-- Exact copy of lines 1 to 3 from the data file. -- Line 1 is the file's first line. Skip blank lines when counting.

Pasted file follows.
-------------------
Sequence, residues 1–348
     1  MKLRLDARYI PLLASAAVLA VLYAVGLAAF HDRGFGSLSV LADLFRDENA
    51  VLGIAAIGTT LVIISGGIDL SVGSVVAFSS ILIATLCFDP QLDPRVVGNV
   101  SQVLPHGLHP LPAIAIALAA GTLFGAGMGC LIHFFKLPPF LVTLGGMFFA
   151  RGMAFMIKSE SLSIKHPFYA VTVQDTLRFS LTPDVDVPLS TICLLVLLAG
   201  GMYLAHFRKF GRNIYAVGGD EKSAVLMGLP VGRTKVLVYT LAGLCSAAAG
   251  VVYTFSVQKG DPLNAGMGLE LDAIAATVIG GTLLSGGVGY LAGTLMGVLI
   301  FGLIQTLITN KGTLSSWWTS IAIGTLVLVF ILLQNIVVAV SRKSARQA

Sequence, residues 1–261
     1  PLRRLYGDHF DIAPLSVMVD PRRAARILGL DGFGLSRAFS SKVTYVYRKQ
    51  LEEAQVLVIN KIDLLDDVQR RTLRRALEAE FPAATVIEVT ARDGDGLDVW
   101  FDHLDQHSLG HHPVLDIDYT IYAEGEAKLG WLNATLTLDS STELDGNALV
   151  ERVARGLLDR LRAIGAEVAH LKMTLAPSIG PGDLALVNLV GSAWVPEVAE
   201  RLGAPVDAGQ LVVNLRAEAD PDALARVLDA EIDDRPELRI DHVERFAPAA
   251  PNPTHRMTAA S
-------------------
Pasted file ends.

Sequence, residues 1–348
     1  MKLRLDARYI PLLASAAVLA VLYAVGLAAF HDRGFGSLSV LADLFRDENA
    51  VLGIAAIGTT LVIISGGIDL SVGSVVAFSS ILIATLCFDP QLDPRVVGNV